CSS - Noble Steeds
Sub pop’s most colourful act, CSS, are back – new line-up and fresh sound in their shape of new LP Donkey in tow. 3D’s Steve Tauschke discusses the band’s past year with guitarist Anna Rezende.
The birth of Brazilian pop band CSS’ second album, the bizarrely titled Donkey, was a straining time for the group.
Just prior to its release, the band realised they were being swindled by their manager, Eduardo. Somewhat unbelievably, then bassist Iracema Trevisan claimed to not realise that her boyfriend – who lived a luxurious lifestyle – was squiring away funds that the band had earned.
Suffice to say, he’s no longer their manager, and Ira is no longer in the band.
It lead directly to the tune Left Behind – at the band’s lowest point, the group decided to move forward and not carry their baggage around with them.
“Everything about this album was natural,” claims Ana Rezende, one of two guitar players for the sextet.
The band themselves might be keeping their expectations low, but that’s certainly not true of the public at large – after the incredible breakthrough success of the international version of CSS, released a year after its Brazilian debut and with a slightly amended and expanded tracklist, CSS’ second album was one of the most anticipated releases of 2008.
“The sound of it is much more like how we are when we play live – we’re really happy with the result,” Rezende asserts. “The goal now is to go through the year doing all the tours that we need to. Everything that has happened [for the band] has been so fast and so unpredictable that we try to keep our expectations low and not really exceed anything.”
The sound of it is a more electro-rock feel than its predecessor, which to a far greater extent showcased the band’s Brazilian roots. It’s no real surprise – given that the band have toured the globe, and many members have now made London their central base when they’re not on tour, an expansion in their sound was always due to occur.
“When we started touring we had to adapt all those songs,” Rezende says of how they represented the songs from CSS in the live context. “It became much more rock. All the songs from the first album sound more like the second album when we play them live, so for us it was very natural to have the change of sound and do something more ‘rock’, because that’s how we are as a live band. It was a natural change of moods for us.”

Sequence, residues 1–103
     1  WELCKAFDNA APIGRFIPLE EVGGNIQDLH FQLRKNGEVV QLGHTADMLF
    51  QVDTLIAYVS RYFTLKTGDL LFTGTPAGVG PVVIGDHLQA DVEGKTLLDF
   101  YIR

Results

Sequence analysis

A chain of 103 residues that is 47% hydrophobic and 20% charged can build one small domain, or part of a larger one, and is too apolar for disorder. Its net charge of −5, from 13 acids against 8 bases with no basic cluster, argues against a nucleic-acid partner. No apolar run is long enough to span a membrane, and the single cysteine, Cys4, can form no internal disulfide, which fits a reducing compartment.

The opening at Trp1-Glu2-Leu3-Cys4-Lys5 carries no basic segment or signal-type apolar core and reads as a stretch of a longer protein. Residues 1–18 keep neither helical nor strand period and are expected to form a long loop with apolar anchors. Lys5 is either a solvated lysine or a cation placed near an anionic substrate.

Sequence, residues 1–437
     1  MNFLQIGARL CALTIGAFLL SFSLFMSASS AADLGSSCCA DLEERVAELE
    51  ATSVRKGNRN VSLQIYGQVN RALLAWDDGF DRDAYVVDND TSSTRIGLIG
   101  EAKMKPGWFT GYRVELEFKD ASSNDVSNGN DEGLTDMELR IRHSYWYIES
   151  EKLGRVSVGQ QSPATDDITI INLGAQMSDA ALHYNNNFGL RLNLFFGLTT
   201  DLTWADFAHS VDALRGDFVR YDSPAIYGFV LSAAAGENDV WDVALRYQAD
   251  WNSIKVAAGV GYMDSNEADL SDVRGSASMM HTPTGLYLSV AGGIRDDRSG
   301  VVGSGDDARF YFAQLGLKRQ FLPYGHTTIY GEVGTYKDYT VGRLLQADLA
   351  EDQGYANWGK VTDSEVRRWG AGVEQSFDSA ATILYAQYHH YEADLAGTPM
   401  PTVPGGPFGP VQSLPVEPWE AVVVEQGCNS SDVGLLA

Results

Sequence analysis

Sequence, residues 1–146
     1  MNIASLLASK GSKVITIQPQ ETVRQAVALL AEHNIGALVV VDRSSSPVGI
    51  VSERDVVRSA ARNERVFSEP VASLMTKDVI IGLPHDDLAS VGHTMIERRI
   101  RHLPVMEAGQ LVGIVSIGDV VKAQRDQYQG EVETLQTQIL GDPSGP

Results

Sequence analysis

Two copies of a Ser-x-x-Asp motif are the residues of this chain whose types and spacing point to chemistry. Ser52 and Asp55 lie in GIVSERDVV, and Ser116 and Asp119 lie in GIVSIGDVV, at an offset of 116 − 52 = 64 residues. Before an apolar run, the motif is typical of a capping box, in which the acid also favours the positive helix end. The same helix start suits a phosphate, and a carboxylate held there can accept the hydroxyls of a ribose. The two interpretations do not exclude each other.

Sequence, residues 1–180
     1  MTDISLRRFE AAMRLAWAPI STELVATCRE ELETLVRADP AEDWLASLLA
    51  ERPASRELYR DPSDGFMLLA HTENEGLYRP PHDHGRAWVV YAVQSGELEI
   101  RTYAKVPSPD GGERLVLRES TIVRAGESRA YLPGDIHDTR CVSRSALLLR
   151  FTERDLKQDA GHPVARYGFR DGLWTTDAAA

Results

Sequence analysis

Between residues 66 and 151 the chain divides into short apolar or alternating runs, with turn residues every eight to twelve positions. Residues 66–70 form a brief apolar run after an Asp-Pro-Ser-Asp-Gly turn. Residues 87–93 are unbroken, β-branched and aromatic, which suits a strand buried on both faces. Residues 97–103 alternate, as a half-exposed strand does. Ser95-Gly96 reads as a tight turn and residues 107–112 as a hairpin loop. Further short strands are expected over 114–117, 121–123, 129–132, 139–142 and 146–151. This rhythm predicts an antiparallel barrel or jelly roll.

Nevertheless, the band returned to Brazil to record it, operating quite quickly and turning it around in a relatively short amount of time.
“We wanted to release it before the [northern hemisphere] summer,” she explains. “We wanted it out in April or May, but the label said July if we got it to them by April. So there was no pressure on us – all the pressure came from us.”
Returning to Brazil, the studio that they used was open to them all the time to use as they saw fit – there was no luxury of time, but there was easy access. Having multi-instrumentalist Adriano Cintra produce it was also a logical fit; Rezende describes him as pragmatic and practical, and able to record in a quick time frame.
“It felt quite like time off for us,” she says of the recording experience. “It was the first time we went back [to Brazil] to our own place and our families and stayed there for more than a month.”
Cintra’s ability to work quickly also helped in that he was both playing drums, bass, and working in the studio behind the desk as the official producer of Donkey. “It was a big thing for him